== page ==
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Hoeneß re-elected as FC Bayern president

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Munich: Last Friday, Uli Hoeneß was re-elected as FC Bayern Munich‘s president at the club’s Annual General Meeting, the German football club announced. He had been convicted of tax in March 2014 during his previous tenure as the club’s president.

File photo of Uli Hoeneß, 2013. Image: Harald Bischoff
In all, 7,152 members attended the annual meeting where Hoeneß won the voting with 98.5%. He was the only candidate for president. Before the vote, he said, “I’m asking you for a second chance… I promise I’ll do everything I can to fulfil your expectations.”((de))

In February, Hoeneß had been released early from his three-and-half-year jail term. While in custody, he spent his work-release programme with Bayern’s youth academy.

The 1974 FIFA World Cup winner and ex-Bayern Munich player was elected as the club president in 2009, succeeding Franz Beckenbauer, after spending 30 years as Bayern’s general manager.

In 2014, Hoeneß was tried after he disclosed he had evaded 3.5 million in taxes on his money in a Swiss Bank. The trial found the sum he owed to be about €28.5m (about US$37 million then). Hoeneß resigned as president the next day, and Karl Hopfner was elected president on 2 May of that year.

Hoeneß is now the club president again, succeeding Karl Hopfner who has spent 33 years at the club.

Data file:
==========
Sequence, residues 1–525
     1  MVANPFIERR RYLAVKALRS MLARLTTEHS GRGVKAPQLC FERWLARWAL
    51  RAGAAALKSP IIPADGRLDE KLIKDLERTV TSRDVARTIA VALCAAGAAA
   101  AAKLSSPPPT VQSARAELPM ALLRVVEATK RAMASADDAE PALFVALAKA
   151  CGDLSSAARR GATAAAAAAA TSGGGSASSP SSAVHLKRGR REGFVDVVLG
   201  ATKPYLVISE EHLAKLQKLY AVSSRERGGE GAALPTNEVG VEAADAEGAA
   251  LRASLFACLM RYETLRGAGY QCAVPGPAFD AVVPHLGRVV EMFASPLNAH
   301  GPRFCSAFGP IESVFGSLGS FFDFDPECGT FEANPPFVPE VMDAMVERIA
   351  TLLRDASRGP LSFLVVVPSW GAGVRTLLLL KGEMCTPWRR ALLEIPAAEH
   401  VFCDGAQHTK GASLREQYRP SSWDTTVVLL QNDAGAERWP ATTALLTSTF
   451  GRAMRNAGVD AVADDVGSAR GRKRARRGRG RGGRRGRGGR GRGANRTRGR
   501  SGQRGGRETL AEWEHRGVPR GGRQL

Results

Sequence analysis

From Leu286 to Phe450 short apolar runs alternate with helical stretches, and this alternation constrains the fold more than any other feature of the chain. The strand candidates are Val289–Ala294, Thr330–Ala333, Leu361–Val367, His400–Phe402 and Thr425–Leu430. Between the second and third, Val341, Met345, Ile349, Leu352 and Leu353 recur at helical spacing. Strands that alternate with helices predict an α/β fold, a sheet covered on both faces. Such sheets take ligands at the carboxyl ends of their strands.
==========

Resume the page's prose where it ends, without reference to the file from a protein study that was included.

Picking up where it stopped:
In the 2015–16 season, Bayern collected revenue of €626.8 million, which is the club’s record revenue.

Hoeneß was born in Ulm, Baden-Württemberg. The left-sided forward was recruited from amateurs TSG Ulm 1846 by Udo Lattek, then manager of Bundesligagiants FC Bayern Munich, at the age of 18, in 1970. The player immediately made an impact, scoring six times in 31 matches as the Bavarians finished in second position, behind Borussia Mönchengladbach, and adding the domestic cup.

During his eight-and-a-half-year stint with Bayern, Hoeneß enjoyed great success, winning a total of eight accolades, including three league titles and as many European Cups; in the 1973–74 edition of the latter competition, the final replay against Atlético Madrid, he produced one of his most outstanding performances ever, contributing with two goals to the 4–0 victory, in efficient counter-attacking moves. However, in the final of the following year’s European Cup, against Leeds United, he suffered a knee injury from which he never fully recovered.

In late 1978, Hoeneß was loaned to Bayern neighbours 1. FC Nürnberg, where it was hoped he could get more match practice. His recovery failed, however, and he was forced to hang up his boots at a mere 27. He had appeared in 250 matches in Germany’s top division, netting 86 times.

From Wikinews and Wikipedia under Creative Commons Attribution 2.5 licence. Parts of this report have been edited to add clarity to the story.

 

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